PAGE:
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Libraries and "the One Right Way"

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Any fool can turn out a book on the C runtime library--those functions such as printf(), strlen(), sqrt(), and setjmp()--and a quick trip to your local bookstore will reveal that many fools have. All it takes is the ability to copy, mistakes and all, the vendor's original documentation, and then serve up the resulting pointlessness as The Microsoft C Bible, The Complete Guide to Turbo C, or The Turbo C++ Programmer's Reference.

Our first book this month is a book on the C standard library that, wonder of wonders, has things you won't find in the manuals that came with your compiler. In fact, P.J. Plauger's The Standard C Library aims not so much to show how to use the C standard library, but to show how it is implemented. This is an incredible book! Instead of wasting paper just showing you how to call printf(), Plauger (who chaired the Library subcommittee of the ANSI C committee) shows you how to write printf--and scanf, malloc, sqrt, and every other function in the library approved by the ANSI and ISO standards for C.

Besides presenting about 9,000 lines of C code for a complete portable C runtime library, Plauger explains it all pretty much line-by-line, with special emphasis given to international considerations (multibyte character sets are given extensive coverage here), portability, testing, and handling of errors and oddities. For example, the chapter on <math.h> stresses the way in which even a seemingly trivial operation such as fabs (floating-point absolute value) is complicated and made nontrivial by the need to handle screwball values such as infinity and NaN (Not a Number). While authors of computer books frequently engage in "exercise left for the reader" cop-outs, Plauger seems to delight in tackling such nasties.

Certainly there are places where Plauger decides not to deal with an issue. The chapters explaining machine-specific facilities such as <signal.h> and <setjmp.h> are, in the interests of portability, somewhat vague. The implementation of realloc() does not try to expand a block in place. But Plauger is generally quite explicit about such limitations.

Some of the material in The Standard C Library has appeared in Plauger's monthly "Standard C" column in the C User's Journal. The book contains one chapter for each of the 15 .h files that make up the ANSI and ISO standard C library. Each chapter contains the following sections:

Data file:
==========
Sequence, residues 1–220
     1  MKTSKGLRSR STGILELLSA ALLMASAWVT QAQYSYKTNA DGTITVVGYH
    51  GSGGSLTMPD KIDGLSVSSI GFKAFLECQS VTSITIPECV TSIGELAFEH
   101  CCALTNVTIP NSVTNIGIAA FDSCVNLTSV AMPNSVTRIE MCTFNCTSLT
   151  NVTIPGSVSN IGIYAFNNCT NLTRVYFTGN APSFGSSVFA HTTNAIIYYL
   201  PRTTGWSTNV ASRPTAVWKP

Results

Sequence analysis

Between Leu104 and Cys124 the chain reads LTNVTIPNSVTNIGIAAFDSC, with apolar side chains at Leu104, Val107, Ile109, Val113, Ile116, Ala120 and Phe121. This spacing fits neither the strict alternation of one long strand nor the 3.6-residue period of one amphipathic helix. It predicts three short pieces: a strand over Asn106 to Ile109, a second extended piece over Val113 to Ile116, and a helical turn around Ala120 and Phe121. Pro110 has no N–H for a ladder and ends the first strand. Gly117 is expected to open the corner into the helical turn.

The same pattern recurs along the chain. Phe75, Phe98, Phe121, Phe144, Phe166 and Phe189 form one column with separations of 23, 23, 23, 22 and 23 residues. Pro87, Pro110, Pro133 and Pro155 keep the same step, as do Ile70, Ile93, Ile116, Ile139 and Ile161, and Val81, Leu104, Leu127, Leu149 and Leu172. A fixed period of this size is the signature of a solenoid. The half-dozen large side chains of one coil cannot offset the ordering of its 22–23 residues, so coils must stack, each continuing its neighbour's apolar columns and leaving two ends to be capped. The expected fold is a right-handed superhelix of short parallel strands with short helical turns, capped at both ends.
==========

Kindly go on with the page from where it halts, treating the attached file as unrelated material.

Within the "implementing" section, things seem explained in exactly the right order. However, it is extremely annoying that the chapters themselves are arranged in strictly alphabetical order. While the interdependencies of the 15 facilities that make up the C standard library probably make any ordering somewhat arbitrary, it seems absurd that, for instance, <math.h> and <float.h> are not treated together, and that the book begins with <assert.h> rather than with, say, <stdlib.h>. This is my only complaint about this otherwise superb book.

C++ 3.0

It is interesting to consider what isn't in the C standard library. While it contains generic searching and sorting facilities (bsearch() and qsort()), there is nothing for doing linked lists, hash tables, or circular buffers. The manipulation of such structures is simply too difficult to "library-ize." Yet, not having these available as components just as standard as printf() and strlen() is a shocking waste.

The C++ programming language is in many ways an attempt to solve this large problem. In C++, generic facilities such as linked lists are much more amenable to being put in a library that programmers can really use with the same ease that they use strlen(). But to make the masses of programmers switch from C, C++ needs to provide immediately tangible benefits, such as actual, inexpensive, shrinkwrapped libraries, rather than the mere ability to create such libraries.

Reading the new second edition of Stroustrup's The C++ Programming Language, I for the first time felt that this might really happen. The overall theme of the many changes to C++, Stroustrup notes, has been to make it "a better language for writing and using libraries." Libraries really are the key to the whole business. Some of the changes in C++, such as multiple inheritance, are truly of interest only to connoisseurs of object-oriented design. But others, such as templates, seem like such a big win that some day--when there are several inexpensive C++ 3.0 compilers available--not using C++ may seem as conservative and hidebound as refusing to use function prototypes in C would seem today.